but he didn't have much structural power. He had a staff of about twenty people, none of whom purchased anything significant. The actual purchasing decisions were spread across dozens of large federal agencies. Kelman would have to reform procure­ ment by reforming the behavior of purchasing agents scattered across the government. If ever there was an underdog story, this is it. To put the gov­ ernment's $320 billion in discretionary purchases in perspective, that's about the same amount of money it would take to purchase everything that's produced in a year by the entire computer hard­ ware industry-all the Dell laptops, IBM mainframes, Seagate drives, and others. And then you'd still have enough money left

Shrink the Change

1 39

over to buy every car and every car part produced by the auto­ mobile industry. Thousands of people in the government are involved in pro­ curement, and their desire to please Bill Clinton, the new presi­ dent in 1 993, is tempered by the knowledge that Clinton will be gone in four years (or, worst case, eight). Into this vast, sprawling sand trap of inertia walks one guy named Steven. He's a professor, no less. He wrote a good book about the sand trap. Now he's on the hook to fix it, yet he doesn't control any of it (except for twenty grains of sand on the eastern periphery). You might as well hire a computer-savvy reporter named Phil to overhaul the computer industry. Kelman knew he'd have to make some progress quickly or else he'd be dismissed. "If an example of successful change could somehow be achieved quickly, it might be possible to use that to set other changes in motion," he wrote later. He sought a victory that would be fast, achievable, and visible-a small win that would work for all of his constituents, whether the Defense De­ partment or the Health and Human Services Department. If he could get their Elephants moving with an easy mission-the gov­ ernment equivalent of the 5-Minute Room Rescue-he thought he would be able to keep them moving. One day, a conversation with a government employee sparked an idea. The employee told Kelman that when she needed sim­ ple, inexpensive items, such as a few computer disks, the pro­ curement rules made it impossible for her to walk to the computer superstore across the str�et and buy them. She found this limitation was infuriating. Kelman spotted an opportunity. He went to the senior pro­ curement executives and issued a challenge: I want you to double your agency's use ofgovernment credit cards over the nextyear. (No­

tice the precision of the challenge, a la the 1 % milk campaign. By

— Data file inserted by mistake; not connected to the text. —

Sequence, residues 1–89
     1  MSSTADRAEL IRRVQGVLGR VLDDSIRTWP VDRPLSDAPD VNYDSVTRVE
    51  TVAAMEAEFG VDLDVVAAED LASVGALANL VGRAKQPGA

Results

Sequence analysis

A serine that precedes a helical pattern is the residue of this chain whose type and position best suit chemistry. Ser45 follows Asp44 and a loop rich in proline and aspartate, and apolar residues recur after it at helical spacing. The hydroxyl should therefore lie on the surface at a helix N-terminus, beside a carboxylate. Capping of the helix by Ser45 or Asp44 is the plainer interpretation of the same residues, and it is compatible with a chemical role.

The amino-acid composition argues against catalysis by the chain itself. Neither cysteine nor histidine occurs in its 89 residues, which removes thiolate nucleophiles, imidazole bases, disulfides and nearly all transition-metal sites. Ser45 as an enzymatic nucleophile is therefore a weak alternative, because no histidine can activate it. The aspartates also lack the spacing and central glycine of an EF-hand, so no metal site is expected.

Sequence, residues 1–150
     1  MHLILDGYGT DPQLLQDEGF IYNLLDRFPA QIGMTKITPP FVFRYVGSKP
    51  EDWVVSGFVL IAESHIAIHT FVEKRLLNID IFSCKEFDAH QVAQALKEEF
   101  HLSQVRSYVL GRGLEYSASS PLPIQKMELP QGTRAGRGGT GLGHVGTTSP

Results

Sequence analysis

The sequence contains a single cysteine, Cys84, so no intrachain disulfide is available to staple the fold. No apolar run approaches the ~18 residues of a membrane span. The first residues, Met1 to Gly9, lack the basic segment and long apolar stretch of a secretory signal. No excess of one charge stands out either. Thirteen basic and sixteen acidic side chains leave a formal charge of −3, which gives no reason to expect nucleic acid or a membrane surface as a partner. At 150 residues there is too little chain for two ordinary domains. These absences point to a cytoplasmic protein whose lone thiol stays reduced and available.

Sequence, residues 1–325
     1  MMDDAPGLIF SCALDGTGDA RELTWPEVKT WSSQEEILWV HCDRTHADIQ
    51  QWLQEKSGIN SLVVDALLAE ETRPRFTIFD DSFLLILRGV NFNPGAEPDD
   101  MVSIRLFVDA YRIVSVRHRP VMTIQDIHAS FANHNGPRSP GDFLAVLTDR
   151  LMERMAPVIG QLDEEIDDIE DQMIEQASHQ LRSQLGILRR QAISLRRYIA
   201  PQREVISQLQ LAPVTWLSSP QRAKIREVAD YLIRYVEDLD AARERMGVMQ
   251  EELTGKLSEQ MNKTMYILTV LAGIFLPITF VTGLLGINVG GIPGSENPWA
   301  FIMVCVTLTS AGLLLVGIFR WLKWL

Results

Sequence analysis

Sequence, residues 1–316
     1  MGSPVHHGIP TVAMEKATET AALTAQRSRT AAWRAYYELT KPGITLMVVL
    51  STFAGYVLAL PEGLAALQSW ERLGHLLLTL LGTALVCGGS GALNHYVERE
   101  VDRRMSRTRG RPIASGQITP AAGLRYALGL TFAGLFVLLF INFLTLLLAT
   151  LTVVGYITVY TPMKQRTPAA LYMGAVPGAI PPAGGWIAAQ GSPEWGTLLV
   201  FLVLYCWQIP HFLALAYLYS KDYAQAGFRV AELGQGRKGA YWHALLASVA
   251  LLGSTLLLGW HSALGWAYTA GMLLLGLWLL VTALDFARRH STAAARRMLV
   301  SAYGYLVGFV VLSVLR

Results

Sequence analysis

1 40



being specific about the behavioral change, Kelman was directing his constituents' Riders.) In his vision, anytime employees needed something small-computer disks or a replacement hard drive or a carton of office paper-they should be able to march across the street, armed with their credit cards, and purchase what they needed on the spot. Kelman asked the agencies to make a formal "Pledge" to embrace the idea. The agencies were supportive, so Kelman pushed further. Over the next year, he organized four more pledges. The second pledge was a biggie: Kelman asked the agencies to break with the tradition of ignoring past performance. He knew this would be a tough sell, so he decided to push for it publicly only when he was sure he had at least eight agencies onboard. He hit the phones, and his employees and advisers rallied the people in their networks. Eventually, his team had eight agencies signed up, but he wasn't finished. "After we got to nine agencies, partic­ ipation started snowballing, and soon we could say to the hold­ outs, 'Almost everyone but you is participating.' '' (This outcome foreshadows a point that we make in Chapter 1 0 about behavior being contagious. Kelman managed to address all three parts of the framework-directing the Rider, motivating the Elephant, and shaping the Path.) In the end, twenty different agencies agreed to take the "Past­ Performance Pledge." To ensure that the pledge would be taken seriously, Kelman prodded the agencies to identify fifty-eight up­ coming contracts in which they would explicitly consider past performance. With the pledges, Kelman turned an unspeakable level ofbu­ reaucratic inertia into demonstrable forward momentum. Five years later, in an internal survey, 70 percent of frontline employ­ ees said that they were proponents of procurement reform. The Brookings Institution, a well-respected think tank, published a